On their first day of hands-on activity, the Wildcats learned about Safe Passage's family programming, such as the the project’s CREAMOS program. CREAMOS is an NGO founded by Safe Passage that empowers women through financial literacy training, micro-enterprise initiatives and a holistic emotional support program. These women, many of whom also receive an education through Safe Passage, shared their incredible stories during a panel discussion of what the project has meant to them and their families. The group was even treated to bead-making and Mayan language classes, led by some of the Safe Passage moms!
For much of the week, the clan of six dove right in, assisting teachers with English classes and tutoring students of varying ages in small groups with math and other activities. Another highlight of the week was the day spent with the preschoolers at the project’s Jardin Infantil.
Additionally, student-athletes were given the opportunity to lead activities in physical education classes, while also picking up some interesting games from the Guatemalan students. Wheelock’s time with the organization was capped off by a fun day at a local waterpark with the older students.
Alongside Professor Willie Rodriguez, Chair of the Juvenile Justice and Youth Advocacy program, and Meghan Griffin, Head Women’s Lacrosse Coach and Director of Sports Information, student-athletes were encouraged to explore topics related to their academic majors while exercising their own leadership abilities.
Each of the students took time to reflect on their experiences throughout the week. When asked about personal goals moving forward, Ian Umphrey shared thoughts on his professional future. “I want to empower youth and I’m still trying to figure out in what context. With my interest in international affairs and diplomacy, I’m trying to fit my interests together” said the Political Science and Global Studies major. “This trip has reminded me how much I do like working with youth, so I want to make sure I always continue to do that, even if I get into government or other work.”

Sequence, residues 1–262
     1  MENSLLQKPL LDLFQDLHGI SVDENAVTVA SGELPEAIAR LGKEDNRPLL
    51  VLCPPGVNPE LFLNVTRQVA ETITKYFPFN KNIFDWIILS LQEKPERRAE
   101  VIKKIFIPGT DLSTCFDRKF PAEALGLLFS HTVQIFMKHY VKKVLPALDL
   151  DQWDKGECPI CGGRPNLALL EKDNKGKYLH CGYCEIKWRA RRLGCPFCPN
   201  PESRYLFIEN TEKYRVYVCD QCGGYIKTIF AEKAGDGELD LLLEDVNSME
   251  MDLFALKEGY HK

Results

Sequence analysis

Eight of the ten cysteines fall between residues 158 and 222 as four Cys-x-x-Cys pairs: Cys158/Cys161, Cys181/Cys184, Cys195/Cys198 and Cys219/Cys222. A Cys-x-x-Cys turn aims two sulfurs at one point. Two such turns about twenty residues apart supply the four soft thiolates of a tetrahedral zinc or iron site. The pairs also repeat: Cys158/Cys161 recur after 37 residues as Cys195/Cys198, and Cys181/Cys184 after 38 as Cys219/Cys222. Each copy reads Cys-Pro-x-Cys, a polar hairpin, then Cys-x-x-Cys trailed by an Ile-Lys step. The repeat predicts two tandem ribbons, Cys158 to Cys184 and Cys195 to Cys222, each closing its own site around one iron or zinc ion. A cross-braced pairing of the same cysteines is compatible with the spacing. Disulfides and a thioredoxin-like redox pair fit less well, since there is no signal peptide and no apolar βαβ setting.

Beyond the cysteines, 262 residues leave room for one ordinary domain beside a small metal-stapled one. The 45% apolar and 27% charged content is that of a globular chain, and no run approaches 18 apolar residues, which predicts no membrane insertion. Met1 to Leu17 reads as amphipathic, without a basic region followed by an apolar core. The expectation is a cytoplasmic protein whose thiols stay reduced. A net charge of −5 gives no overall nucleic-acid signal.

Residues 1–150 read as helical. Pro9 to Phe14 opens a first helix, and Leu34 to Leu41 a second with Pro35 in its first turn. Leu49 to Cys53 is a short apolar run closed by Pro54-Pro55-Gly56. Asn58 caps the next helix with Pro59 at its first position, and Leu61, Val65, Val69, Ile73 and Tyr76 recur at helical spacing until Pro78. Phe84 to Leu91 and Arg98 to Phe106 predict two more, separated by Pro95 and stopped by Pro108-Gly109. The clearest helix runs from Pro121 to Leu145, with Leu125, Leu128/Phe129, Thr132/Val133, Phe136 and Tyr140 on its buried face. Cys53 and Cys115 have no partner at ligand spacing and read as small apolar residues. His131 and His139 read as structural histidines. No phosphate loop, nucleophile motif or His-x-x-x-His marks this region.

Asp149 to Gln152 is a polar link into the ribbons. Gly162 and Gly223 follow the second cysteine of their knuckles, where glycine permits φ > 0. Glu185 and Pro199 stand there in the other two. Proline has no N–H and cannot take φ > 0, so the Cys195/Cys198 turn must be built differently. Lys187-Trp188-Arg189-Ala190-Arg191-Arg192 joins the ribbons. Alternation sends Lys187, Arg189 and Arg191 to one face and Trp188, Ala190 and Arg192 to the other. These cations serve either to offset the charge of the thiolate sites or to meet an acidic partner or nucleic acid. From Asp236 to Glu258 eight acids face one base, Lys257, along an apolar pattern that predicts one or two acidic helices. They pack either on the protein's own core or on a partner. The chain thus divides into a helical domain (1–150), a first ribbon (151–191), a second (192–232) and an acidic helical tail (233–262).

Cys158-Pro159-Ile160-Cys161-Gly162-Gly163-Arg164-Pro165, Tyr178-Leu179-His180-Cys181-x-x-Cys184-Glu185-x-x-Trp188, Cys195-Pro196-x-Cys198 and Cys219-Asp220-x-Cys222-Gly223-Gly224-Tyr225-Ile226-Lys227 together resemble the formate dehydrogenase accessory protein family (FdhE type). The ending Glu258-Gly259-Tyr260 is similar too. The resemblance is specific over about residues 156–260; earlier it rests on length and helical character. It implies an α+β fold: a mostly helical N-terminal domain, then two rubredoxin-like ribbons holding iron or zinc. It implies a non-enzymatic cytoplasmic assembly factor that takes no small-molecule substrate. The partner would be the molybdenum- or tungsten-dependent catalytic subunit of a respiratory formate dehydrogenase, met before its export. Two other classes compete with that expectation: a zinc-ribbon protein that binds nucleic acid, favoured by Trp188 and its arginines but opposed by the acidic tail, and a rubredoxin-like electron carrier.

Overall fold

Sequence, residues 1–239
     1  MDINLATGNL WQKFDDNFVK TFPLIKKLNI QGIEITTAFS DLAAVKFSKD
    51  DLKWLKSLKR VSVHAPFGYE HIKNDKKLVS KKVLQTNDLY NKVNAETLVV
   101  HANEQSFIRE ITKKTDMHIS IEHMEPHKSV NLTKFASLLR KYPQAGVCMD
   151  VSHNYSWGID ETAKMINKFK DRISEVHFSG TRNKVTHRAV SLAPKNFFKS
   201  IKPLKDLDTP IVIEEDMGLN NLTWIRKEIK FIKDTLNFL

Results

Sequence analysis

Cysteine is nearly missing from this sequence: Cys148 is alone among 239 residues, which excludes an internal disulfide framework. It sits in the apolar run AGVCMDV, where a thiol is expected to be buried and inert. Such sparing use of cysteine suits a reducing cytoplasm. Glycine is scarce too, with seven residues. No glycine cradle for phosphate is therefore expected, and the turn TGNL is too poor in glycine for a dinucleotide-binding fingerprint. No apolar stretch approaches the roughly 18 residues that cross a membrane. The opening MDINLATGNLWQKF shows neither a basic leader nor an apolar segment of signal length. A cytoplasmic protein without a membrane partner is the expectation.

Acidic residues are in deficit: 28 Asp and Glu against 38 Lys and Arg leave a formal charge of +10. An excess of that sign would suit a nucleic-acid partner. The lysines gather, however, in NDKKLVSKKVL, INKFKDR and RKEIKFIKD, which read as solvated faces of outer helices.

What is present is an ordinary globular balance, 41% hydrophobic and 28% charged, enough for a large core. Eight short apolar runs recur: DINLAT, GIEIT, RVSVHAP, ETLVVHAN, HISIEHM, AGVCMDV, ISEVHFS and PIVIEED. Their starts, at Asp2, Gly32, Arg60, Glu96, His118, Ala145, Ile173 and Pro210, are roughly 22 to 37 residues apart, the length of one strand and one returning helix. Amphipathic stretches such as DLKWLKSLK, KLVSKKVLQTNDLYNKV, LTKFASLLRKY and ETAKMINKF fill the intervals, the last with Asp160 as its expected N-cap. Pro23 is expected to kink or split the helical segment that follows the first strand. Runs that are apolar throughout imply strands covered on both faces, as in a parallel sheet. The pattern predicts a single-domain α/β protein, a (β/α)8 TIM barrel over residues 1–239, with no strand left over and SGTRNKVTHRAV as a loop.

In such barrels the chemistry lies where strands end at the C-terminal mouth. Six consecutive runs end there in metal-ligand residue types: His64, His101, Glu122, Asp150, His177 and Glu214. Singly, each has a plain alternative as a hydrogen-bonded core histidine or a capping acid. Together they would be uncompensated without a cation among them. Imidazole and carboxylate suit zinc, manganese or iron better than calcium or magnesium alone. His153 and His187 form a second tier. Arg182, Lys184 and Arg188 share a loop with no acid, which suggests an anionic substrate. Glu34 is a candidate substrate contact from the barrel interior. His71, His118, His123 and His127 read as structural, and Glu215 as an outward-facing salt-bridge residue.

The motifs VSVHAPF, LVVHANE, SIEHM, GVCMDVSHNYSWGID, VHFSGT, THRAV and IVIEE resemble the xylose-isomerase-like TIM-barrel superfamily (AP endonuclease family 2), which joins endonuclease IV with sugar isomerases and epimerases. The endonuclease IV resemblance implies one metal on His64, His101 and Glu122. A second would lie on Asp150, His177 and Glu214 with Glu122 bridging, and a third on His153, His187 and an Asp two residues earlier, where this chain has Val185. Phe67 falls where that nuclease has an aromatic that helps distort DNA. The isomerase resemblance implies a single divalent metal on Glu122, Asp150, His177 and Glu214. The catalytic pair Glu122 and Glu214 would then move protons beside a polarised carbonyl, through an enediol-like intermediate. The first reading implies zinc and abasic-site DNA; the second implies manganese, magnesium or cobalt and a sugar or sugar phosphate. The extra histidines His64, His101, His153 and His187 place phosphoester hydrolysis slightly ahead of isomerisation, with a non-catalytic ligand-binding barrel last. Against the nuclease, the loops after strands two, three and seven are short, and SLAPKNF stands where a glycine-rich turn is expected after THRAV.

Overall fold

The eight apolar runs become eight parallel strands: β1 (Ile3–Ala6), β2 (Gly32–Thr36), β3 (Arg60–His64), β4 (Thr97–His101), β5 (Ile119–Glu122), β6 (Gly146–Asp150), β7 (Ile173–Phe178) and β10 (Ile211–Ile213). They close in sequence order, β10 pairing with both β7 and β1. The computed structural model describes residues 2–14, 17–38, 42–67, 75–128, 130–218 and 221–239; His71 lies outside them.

Alexandra Clark, an education major, described how the trip has helped her realize the importance of knowing another language as an employee in a public school system. “I think moving forward, being an education major, [Spanish language] is definitely something that I want to work on and continue”, remarked Clark.
Marcus Sardella explained his inspiration to make a difference in students’ lives in his future career as a teacher. “One thing that I keep thinking about every day is the fact that these kids go back home and they could have a terrible life; but when they come to school they are so excited to see us, to see their teachers and to learn. I’ve realized that coming here and being a part of what’s making them happy has made me understand that bringing that happiness to people is something I really want to do.”
Abbe Adams reflected on the experience she's gained that is directly applicable to working with ESL (English as a second language) students here in Massachusetts. "In my student-teaching this year, I had students who were learning English but spoke Hebrew and Chinese. I didn't know how to communicate with them" she explained. "Being here has helped me talk to people who don't understand me and I've been able to make connections with these kids. I want to get to the point where I become more comfortable and can interact with my students more."